Ebrahim Patel seeks to open door for small business
The amendments will empower the Competition Commission to launch market enquiries into sectors which are dominated by just a handful of large firms
Economic Development Minister Ebrahim Patel announced proposed changes to SA’s competition legislation that aim to open up markets to new small businesses, particularly black-owned businesses, rather than relying for transformation on the transfer of stakes in existing businesses to black owners.
The amendments will empower the Competition Commission to launch market enquiries into sectors which are dominated by just a handful of large firms and to impose remedies, if necessary, to open these sectors to new competitors.
They will also require the competition authorities to take market structure into account when they scrutinise mergers, or alleged cartel activity.
Patel announced the package of proposed amendments to the Competition Act on Friday, delivering on the undertaking he had made earlier in 2017 to put measures in place to tackle SA’s high levels of economic concentration to drive inclusive economic growth and transformation.
"This is a bold proposal to place market concentration within the framework of the Competition Act, but to do so in a manner which is sustainable from a growth perspective," Patel said in an interview.
Concentration was a complex economic issue and the government could not simply prohibit it, he said. However, it led to higher prices and lower growth and could stunt investment and innovation.
Concentration also made it difficult for new players, especially black South Africans, to get into the economy, effectively excluding large numbers of black South Africans from the opportunity to run successful enterprises and limiting the talent pool of entrepreneurs on which the growth potential of the economy relied. "Our view is that black and white south Africans need to get more into the economy by way of new start-ups, new products and fresh ways of doing things, and that requires that markets be opened up," Patel said.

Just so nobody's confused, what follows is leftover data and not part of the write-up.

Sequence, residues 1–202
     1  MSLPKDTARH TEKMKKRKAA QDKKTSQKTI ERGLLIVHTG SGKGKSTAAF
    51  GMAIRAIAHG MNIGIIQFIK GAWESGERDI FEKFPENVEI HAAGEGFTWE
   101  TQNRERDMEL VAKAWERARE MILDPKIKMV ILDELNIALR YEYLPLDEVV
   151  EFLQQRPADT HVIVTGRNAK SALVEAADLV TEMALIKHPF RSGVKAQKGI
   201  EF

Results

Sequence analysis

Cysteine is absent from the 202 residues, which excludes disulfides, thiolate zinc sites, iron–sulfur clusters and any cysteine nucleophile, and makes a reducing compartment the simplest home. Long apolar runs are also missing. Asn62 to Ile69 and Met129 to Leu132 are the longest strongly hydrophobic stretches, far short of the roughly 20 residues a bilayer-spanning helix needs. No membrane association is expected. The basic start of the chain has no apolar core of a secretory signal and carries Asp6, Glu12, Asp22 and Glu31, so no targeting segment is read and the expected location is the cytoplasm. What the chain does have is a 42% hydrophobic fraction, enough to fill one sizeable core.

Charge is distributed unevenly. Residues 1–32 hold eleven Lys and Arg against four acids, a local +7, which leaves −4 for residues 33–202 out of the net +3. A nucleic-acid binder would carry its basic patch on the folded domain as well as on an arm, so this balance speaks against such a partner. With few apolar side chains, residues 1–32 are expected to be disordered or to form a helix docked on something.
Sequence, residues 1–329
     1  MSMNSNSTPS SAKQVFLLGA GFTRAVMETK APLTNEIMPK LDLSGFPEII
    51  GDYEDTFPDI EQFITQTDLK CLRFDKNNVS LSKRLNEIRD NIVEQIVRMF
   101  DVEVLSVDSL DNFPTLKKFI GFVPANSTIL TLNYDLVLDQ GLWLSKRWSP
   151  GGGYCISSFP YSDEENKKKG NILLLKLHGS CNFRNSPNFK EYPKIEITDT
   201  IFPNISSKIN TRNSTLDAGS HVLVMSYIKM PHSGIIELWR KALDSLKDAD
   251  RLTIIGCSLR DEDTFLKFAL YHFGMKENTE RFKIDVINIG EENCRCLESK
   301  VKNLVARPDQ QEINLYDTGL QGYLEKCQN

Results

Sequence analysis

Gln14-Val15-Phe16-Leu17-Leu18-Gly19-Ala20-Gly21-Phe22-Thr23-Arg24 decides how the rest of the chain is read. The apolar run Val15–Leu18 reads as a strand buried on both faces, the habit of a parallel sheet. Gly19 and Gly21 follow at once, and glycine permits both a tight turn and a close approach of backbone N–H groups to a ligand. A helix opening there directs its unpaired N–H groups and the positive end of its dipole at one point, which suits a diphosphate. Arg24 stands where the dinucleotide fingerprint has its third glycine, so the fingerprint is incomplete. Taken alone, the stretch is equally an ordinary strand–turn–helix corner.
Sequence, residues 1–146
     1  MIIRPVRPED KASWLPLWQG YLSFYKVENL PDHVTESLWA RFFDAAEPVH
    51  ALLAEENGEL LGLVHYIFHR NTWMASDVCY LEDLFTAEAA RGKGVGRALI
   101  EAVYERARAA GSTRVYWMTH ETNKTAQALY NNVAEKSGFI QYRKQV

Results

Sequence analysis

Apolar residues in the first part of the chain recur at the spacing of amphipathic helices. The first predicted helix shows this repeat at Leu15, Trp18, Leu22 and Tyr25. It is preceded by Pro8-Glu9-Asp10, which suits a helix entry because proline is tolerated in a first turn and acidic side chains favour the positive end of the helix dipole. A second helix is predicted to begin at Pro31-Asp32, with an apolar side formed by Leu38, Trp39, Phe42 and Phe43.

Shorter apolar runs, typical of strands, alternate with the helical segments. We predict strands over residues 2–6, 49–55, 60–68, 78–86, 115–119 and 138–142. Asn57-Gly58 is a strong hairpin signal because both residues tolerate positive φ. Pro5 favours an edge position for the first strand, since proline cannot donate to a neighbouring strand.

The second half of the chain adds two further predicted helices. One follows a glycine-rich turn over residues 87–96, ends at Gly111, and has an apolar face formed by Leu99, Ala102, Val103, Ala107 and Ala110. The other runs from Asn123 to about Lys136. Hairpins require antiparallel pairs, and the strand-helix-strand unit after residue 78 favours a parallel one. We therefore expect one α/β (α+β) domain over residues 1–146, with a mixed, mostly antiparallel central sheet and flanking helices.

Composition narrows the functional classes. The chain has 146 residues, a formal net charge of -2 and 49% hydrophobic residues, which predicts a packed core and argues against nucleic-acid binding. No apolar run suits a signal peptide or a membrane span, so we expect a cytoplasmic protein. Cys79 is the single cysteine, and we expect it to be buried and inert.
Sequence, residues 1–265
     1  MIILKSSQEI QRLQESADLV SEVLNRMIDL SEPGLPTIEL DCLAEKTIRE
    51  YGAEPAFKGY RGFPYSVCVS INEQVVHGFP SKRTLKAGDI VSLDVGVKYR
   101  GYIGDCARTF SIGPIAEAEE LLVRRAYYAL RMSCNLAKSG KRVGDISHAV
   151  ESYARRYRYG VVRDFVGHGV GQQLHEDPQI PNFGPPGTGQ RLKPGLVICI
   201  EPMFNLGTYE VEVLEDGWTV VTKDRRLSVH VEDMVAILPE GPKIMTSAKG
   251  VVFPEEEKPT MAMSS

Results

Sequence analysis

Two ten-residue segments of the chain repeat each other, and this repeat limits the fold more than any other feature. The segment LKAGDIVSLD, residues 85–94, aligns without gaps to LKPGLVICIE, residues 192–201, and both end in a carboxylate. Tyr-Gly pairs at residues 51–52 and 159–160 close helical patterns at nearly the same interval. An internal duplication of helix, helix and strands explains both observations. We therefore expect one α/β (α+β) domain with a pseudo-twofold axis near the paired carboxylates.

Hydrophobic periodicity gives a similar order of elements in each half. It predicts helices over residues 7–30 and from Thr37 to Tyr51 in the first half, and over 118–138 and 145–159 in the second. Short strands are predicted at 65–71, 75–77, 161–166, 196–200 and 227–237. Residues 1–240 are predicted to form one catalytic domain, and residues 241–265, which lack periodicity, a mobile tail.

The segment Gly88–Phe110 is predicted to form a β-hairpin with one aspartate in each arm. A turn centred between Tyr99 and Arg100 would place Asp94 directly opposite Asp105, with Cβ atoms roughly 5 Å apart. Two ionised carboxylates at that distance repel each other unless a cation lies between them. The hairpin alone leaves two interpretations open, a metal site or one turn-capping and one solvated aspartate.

"Instead of the principal focus being on transferring shares in existing companies, this is about opening opportunities for new companies." he said.
A study by the Competition Commission found that nine of SA’s economic sectors were highly concentrated, measured by international benchmarks, with communication technology, energy, financial services and food and agro-processing top of the list.
The proposed amendments to the competition legislation will extend the commission’s existing market enquiry powers, setting out the triggers for it to investigate the structure of markets, and giving it the power to impose "reasonable and practicable" remedies tailored to the findings if it finds that the level of concentration is leading to anticompetitive outcomes. Companies will, however, have the automatic right to appeal against the commission’s findings to the Competition Tribunal.
The legislation will also impose more discipline on the market enquiries conducted by the commission, which tend to become lengthy affairs mired in legal contestation.
The challenge of dealing with concentration could not be left to the competition authorities alone and the state had to put a coherent package of measures in place
The commission will be able to go after highly regulated sectors or those dominated by large state-owned entities.
The proposed amendments expand the public interest grounds in merger cases, requiring that the competition authorities consider the effect of a merger on levels of economic concentration and its causes, as well as on the ownership structure of the market, particularly black ownership.
Action against cartels and dominant firms will include consideration of levels of concentration and transformation.
Patel said he had rejected the option of creating a new law and new institutions to tackle concentration and had instead used the potential within the Competition Act to do this. However, the challenge of dealing with concentration could not be left to the competition authorities alone and the state had to put a coherent package of measures in place, including in areas such as procurement policies, licensing regimes and support for small business, he said.
The competition authorities would also require more resources to pursue enquiries, including not just money but technical expertise too, and his department had started discussions with universities to see what could be done to build more competition skills.